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Jaime Herrera Beutler Urges TSA to Adhere to Rules Allowing Air Passengers to Travel with Breast Milk and Formula

Co-chairs of Congressional Maternity Care Caucus Herrera Beutler, Roybal-Allard counter inconsistent security enforcement procedures that are penalizing parents

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Washington, DC, March 24, 2016 | comments
Yesterday, U.S. Representatives Jaime Herrera Beutler (R-WA) and Lucille Roybal-Allard (D-CA), co-chairs of the Congressional Maternity Care Caucus, sent a letter to the Transportation Security Authority (TSA) urging full compliance with a current liquids exemption for mothers and passengers traveling with breastmilk and formula.
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Yesterday, U.S. Representatives Jaime Herrera Beutler (R-WA) and Lucille Roybal-Allard (D-CA), co-chairs of the Congressional Maternity Care Caucus, sent a letter to the Transportation Security Authority (TSA) urging full compliance with a current liquids exemption for mothers and passengers traveling with breastmilk and formula.

Despite the exemption already being listed under TSA’s Special Procedures, parents often complain of inconsistent, harassment-like scrutiny from TSA employees and often being forced to dispose of breastmilk, formula and cooling packs in order to proceed through TSA security. Click here to read the reports of several of these accounts.

The text of the letter follows, and a PDF of the original letter is available here:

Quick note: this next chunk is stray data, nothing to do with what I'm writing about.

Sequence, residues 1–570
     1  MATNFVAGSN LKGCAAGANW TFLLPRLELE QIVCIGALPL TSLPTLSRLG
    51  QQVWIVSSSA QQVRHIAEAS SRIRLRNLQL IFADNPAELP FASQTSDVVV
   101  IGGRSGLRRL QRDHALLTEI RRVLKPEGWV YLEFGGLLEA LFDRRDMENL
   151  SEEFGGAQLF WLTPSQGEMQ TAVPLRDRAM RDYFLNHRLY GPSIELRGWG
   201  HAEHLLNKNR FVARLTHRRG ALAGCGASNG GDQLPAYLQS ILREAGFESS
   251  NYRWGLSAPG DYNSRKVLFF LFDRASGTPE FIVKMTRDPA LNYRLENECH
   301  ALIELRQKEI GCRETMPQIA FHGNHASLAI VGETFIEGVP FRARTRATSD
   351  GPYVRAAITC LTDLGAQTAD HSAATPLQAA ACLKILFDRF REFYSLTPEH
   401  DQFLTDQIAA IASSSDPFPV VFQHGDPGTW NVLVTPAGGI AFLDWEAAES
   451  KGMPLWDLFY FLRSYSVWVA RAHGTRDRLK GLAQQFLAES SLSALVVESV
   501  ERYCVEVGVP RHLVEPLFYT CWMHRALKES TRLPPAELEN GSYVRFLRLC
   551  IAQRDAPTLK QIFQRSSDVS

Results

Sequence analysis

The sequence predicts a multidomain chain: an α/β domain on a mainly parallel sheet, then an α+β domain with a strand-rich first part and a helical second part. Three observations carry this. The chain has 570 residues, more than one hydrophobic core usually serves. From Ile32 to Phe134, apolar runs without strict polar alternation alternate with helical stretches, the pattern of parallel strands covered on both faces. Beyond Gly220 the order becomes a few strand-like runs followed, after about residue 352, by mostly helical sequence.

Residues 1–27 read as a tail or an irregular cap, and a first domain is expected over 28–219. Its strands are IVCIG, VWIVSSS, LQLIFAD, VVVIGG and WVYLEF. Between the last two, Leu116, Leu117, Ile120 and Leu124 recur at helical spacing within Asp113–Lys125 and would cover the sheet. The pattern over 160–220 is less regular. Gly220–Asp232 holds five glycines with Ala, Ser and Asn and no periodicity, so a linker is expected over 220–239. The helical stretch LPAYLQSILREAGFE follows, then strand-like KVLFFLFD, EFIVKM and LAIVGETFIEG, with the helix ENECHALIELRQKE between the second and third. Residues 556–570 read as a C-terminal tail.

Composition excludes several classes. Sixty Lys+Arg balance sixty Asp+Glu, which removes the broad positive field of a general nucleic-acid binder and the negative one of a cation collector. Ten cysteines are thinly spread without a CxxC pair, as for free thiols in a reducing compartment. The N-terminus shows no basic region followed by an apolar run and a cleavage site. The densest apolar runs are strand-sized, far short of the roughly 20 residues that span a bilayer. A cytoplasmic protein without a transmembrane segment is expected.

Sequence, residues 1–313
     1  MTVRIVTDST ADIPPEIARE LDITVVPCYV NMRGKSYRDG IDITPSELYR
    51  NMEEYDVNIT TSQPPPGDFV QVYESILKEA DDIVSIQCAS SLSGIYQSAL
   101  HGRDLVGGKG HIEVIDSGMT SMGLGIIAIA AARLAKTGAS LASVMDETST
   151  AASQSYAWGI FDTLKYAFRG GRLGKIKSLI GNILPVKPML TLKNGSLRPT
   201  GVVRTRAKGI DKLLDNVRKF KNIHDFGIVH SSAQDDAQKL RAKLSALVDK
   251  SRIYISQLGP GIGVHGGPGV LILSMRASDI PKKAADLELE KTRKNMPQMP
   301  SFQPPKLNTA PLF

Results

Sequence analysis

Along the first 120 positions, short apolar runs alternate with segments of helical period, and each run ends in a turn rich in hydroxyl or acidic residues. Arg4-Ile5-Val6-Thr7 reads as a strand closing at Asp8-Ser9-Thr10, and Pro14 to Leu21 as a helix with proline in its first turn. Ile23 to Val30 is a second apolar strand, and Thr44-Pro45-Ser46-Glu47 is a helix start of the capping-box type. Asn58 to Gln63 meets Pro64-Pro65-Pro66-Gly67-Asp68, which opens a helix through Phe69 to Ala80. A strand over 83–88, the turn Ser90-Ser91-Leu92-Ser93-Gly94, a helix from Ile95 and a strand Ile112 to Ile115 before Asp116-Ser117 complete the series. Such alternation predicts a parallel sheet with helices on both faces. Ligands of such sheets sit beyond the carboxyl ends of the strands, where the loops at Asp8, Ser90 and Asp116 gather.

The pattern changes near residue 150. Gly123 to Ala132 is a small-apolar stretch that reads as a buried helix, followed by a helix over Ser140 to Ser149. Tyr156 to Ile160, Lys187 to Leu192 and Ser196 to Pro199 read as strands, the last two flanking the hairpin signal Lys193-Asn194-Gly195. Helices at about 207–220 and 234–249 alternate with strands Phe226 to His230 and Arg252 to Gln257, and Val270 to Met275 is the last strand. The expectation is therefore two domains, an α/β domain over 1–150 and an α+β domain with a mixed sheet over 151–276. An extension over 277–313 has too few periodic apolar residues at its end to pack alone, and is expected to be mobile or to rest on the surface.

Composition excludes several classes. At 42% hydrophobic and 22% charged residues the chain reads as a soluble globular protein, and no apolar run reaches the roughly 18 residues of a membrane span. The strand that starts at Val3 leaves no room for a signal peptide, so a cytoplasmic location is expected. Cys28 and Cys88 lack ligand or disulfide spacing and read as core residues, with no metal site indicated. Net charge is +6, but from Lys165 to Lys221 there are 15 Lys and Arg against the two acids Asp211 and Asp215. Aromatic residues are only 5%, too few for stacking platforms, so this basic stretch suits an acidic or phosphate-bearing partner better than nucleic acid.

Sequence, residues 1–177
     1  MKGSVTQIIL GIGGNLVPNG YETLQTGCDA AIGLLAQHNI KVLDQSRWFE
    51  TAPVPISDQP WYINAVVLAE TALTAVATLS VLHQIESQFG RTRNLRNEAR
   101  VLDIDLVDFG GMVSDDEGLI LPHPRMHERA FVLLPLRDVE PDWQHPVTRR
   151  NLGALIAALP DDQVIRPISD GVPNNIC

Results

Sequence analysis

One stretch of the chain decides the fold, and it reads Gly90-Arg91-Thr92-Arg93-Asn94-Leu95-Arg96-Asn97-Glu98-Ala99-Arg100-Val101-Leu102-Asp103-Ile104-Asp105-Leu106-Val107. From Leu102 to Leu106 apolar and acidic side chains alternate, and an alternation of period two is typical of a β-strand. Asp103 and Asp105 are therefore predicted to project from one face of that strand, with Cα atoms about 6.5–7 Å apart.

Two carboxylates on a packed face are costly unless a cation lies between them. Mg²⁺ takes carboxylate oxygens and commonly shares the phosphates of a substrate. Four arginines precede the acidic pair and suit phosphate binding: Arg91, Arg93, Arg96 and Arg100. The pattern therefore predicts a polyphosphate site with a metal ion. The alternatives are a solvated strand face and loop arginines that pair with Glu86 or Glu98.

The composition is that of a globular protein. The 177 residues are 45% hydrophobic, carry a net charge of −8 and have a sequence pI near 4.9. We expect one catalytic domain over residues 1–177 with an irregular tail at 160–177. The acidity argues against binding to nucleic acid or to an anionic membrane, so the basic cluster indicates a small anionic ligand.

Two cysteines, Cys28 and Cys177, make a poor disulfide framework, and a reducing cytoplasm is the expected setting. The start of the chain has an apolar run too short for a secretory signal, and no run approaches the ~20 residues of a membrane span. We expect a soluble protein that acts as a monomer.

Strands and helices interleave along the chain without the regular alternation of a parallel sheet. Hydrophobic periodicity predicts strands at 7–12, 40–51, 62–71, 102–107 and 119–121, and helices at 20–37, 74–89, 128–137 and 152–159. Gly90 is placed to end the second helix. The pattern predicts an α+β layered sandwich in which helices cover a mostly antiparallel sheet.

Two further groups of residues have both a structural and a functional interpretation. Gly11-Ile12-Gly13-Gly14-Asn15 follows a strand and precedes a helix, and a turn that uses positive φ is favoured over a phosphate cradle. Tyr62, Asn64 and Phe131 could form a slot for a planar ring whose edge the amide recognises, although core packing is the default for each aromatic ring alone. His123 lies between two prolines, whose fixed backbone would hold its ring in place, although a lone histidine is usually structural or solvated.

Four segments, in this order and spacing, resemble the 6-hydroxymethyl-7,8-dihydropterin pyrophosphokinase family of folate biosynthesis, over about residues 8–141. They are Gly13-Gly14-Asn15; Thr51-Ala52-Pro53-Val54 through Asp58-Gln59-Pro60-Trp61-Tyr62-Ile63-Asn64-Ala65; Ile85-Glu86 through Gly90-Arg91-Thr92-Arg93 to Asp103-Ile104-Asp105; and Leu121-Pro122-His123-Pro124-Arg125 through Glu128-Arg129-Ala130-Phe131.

Administrator Neffenger:

As co-chairs of the Congressional Caucus on Maternity Care, we would like to follow up on an important issue that directly relates to the duties of the Transportation Security Administration (TSA) and the Department of Homeland Security. As you know, under TSA’s Special Procedures for traveling with children, travelers are explicitly permitted to bring formula and breast milk in quantities greater than 3.4 ounces in carry-on baggage on board an aircraft (3-1-1 Liquids Rule Exemption). Under this exemption, travelers may also carry on ice packs, freezer packs, frozen gel packs and other accessories required to prevent formula and breast milk from spoiling. Additionally, travelers are not required to fit these liquids and cooling accessories within a quart-sized bag. While we are pleased that TSA has put this protection in place for mothers and caretakers, we have been notified of several instances where TSA has not properly followed this policy. In several cases, individuals were forced to dispose of breast milk, cooling accessories, or both in order to board their flights.

These reports demonstrate a problem with implementation of the 3-1-1 Liquids Rule Exemption travel policy in TSA’s airports and among airline and security officials. For the well-being of these infants and children passengers, it is important that there is full compliance with the existing liquids exemption. Particularly on long flights, caretakers and parents depend on security agents to properly allow these vital forms of nutrition through security checkpoints and on board aircrafts.

We appreciate the attention you have shown toward our shared concern and the work you are doing to ensure compliance with the exemption. We ask that you keep us informed of progress on this issue that is of great importance to families in our districts and across the nation. If this issue remains unresolved we will begin to consider legislative fixes.

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